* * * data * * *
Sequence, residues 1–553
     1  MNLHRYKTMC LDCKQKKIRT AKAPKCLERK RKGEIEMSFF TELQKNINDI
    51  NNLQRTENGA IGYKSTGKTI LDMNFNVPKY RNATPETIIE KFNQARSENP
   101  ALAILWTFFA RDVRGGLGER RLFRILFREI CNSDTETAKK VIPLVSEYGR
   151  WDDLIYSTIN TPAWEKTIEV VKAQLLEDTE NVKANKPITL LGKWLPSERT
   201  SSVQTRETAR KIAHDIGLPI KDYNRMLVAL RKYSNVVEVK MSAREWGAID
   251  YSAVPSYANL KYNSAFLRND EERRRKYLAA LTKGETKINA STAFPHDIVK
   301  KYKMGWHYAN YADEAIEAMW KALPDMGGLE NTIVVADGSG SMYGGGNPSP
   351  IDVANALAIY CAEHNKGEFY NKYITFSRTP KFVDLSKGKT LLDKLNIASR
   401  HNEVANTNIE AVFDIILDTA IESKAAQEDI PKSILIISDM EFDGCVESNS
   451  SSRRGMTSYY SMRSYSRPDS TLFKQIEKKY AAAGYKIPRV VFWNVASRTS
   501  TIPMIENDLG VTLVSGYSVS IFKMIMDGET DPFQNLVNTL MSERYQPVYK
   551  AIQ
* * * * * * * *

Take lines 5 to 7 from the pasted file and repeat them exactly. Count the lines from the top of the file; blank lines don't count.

   151  WDDLIYSTIN TPAWEKTIEV VKAQLLEDTE NVKANKPITL LGKWLPSERT
   201  SSVQTRETAR KIAHDIGLPI KDYNRMLVAL RKYSNVVEVK MSAREWGAID
   251  YSAVPSYANL KYNSAFLRND EERRRKYLAA LTKGETKINA STAFPHDIVK